When It Comes To The Pandemic, History Is Repeating Itself

by Elaine Roth
Originally Published: 
The use of a facemask by Red Cross personnel in the United States helps decrease the spread of the d...
Circa 1918. Paul Thompson/FPG/Getty

Back in March, the world shuttered impossibly fast. In an instant, the lives we once knew disappeared. And everything, now, feels off-balance and unstable. Because we’re in unprecedented times.

Or so the commercials from every company ever would have us believe.

The truth is, these times aren’t exactly unprecedented. A virus has circled the globe and left a staggering death toll in its wake before. People have protested the use of masks in defiance of public health recommendations in the past. Cities have prematurely opened and suffered the consequences of that premature opening. Schools have shuttered. Children have been quarantined. The world has before waited with bated breath for a light at the end of a dark tunnel.

In 1918, a deadly flu circled the globe. All told, 500 million people around the world were infected, and more than 50 million people died. About 675,000 of those deaths occurred in the United States. In an effort to stop the spread of this deadly flu, which unlike COVID-19 targeted younger individuals more severely than older, governments closed down bars, theaters, restaurants, and schools. Many cities, like San Francisco, instituted mask requirements, which carried fines or short prison terms if not complied with.

The Oakland Municipal Auditorium is being used as a temporary hospital with volunteer nurses from the American Red Cross tending the sick there during the influenza pandemic of 1918, Oakland, California, 1918. Underwood Archives/Getty

Then, like now, these public health efforts to stop the spread of a virus that was killing people were met with resistance. Wearing masks—or not wearing masks—became a political statement. People complained that they couldn’t breathe and that masks were taking away their constitutional rights (to what, is still unclear). And, like now, violence erupted over whether people should wear masks or not. The New York Times told the story of a struggle between an anti-masker and a health inspector that ended in shots fired and bystanders running for cover.

Back then, we also lacked a national response to fighting a virus. Different cities also took different approaches to the pandemic. Philadelphia went ahead with a parade to support the war effort and 600 people died within two weeks of the event. At its worst, 1,700 Philadelphians died in a single day. To contrast, St. Louis, which was led by its health commissioner, shuttered schools and shops and canceled all public gatherings. Residents complained, but they lived. More St. Louis residents survived. The city emerged from the pandemic with one of the lowest excess death rates in the nation.

Quarantine summers aren’t new either. During the polio outbreak in the 1940s, children spent summers at home. Sue Gray, an 84-year-old woman in Chicago, told USA Today about her summers growing up as a child in Kansas City. “[Y]ou couldn’t go to pools, you couldn’t go to the movies, you just stayed home.”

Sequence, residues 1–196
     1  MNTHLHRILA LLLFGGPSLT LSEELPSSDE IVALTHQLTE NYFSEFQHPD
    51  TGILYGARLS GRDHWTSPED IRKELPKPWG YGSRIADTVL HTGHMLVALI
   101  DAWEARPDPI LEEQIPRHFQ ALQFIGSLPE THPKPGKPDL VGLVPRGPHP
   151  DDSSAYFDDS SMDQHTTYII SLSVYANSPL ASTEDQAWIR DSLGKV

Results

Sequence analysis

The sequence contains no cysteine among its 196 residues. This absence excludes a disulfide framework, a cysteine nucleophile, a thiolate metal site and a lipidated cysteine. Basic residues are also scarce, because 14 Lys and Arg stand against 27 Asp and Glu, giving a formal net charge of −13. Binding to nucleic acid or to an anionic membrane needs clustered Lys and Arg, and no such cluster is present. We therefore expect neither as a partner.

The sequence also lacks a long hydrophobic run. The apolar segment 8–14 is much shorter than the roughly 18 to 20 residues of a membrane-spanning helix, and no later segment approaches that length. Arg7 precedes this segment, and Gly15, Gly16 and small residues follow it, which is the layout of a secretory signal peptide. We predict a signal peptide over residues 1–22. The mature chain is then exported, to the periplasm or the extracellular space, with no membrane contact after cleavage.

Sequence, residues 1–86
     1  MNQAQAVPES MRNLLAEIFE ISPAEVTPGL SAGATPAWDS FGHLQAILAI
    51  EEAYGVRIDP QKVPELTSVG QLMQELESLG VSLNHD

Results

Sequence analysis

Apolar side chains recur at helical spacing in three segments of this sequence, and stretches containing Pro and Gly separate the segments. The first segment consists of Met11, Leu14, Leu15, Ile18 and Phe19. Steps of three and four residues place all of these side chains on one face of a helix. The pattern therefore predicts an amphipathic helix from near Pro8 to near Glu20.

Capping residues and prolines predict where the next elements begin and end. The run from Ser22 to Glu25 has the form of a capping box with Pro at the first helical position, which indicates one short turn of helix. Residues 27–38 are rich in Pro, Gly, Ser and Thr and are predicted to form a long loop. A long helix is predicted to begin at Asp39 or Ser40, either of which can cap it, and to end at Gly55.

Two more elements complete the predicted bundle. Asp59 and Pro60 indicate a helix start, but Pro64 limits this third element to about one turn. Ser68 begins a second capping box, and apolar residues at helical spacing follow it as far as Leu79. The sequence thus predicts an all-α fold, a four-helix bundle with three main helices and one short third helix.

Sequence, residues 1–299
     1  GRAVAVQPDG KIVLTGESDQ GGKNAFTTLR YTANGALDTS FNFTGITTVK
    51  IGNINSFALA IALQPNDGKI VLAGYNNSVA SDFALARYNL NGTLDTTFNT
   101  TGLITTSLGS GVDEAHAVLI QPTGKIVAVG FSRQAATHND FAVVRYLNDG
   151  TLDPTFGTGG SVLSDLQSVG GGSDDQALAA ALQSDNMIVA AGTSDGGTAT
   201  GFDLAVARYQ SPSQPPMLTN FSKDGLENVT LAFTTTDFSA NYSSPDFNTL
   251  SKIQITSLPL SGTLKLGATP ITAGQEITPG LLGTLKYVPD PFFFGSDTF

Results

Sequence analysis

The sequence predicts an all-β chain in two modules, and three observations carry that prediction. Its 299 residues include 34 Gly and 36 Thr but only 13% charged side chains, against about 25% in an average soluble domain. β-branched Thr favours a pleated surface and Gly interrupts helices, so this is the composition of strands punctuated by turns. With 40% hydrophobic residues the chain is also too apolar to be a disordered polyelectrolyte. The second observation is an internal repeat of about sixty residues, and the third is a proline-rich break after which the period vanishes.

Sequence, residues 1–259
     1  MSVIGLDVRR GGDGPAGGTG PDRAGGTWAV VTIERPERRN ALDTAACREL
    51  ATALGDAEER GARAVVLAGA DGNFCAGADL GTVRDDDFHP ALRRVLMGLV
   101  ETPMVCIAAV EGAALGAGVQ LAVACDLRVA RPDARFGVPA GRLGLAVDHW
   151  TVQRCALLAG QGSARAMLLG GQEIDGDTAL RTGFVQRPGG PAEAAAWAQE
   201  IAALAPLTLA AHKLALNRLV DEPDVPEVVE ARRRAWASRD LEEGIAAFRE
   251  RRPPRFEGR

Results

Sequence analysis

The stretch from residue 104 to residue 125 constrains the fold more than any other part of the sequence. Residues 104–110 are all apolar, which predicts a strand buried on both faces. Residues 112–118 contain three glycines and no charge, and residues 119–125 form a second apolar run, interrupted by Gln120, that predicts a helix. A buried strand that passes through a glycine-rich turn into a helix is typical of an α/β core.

Red Cross volunteers fighting against the spanish flu epidemy in United States in 1918. Apic/Getty

The 1918 flu pandemic did eventually end in 1920 as herd immunity was reached. The human cost was high. Fifty million lives were lost. Fifty million families were devastated. The number is almost too high to truly comprehend. Likewise, the polio pandemic eventually ceded when a vaccine was discovered. Children could recover their summers. The instability and terror ended. The normal routines of life returned.

One of the best (saddest?) memes to have crossed my social media feed during the last few weeks is the one that laments the truth about human nature. It says: “We’re gonna have to retire the expression ‘avoid it like the plague’ because it turns out humans do not do that.”

But the truth is, that’s not news. We learned that sad truth almost a century ago.

I don’t know if the fact that history is so closely repeating itself gives me hope that things will be okay, or heartbreak that we haven’t learned by now. Maybe both.

Circa 1918. Paul Thompson/FPG/Getty

There’s something almost eerie in hearing the arguments of folks from more than a century ago echoed in our modern day streets. We should know better now, shouldn’t we? We should know that wearing a mask, suffering a touch of discomfort to protect each other, and ourselves, isn’t the government’s attempt to snatch away a constitutional right. There’s something almost discouraging to read stories about the terrible price paid in the form of 600 lives after the parade in Philadelphia, and then to read the stories of political rallies where social distancing and masks aren’t required. Shouldn’t we have learned a lesson? And there’s something heartbreaking to know that the answer is we should have learned, but we didn’t. As a society, we didn’t learn the hard won lessons of a century earlier.

And yet, it gives me hope to know there will be a light at the end of the tunnel. Things will feel safe again. There will be routines and stability. Eventually. History leads me to believe that’s true. (But I hope with all the hope in my heart that we get that stability via a vaccine and not because we’ve allowed so many millions to die in order to reach herd immunity.)

And I have to hope that maybe this time, this pandemic, will be the one that finally teaches us the lesson. And maybe another generation will learn from our mistakes.

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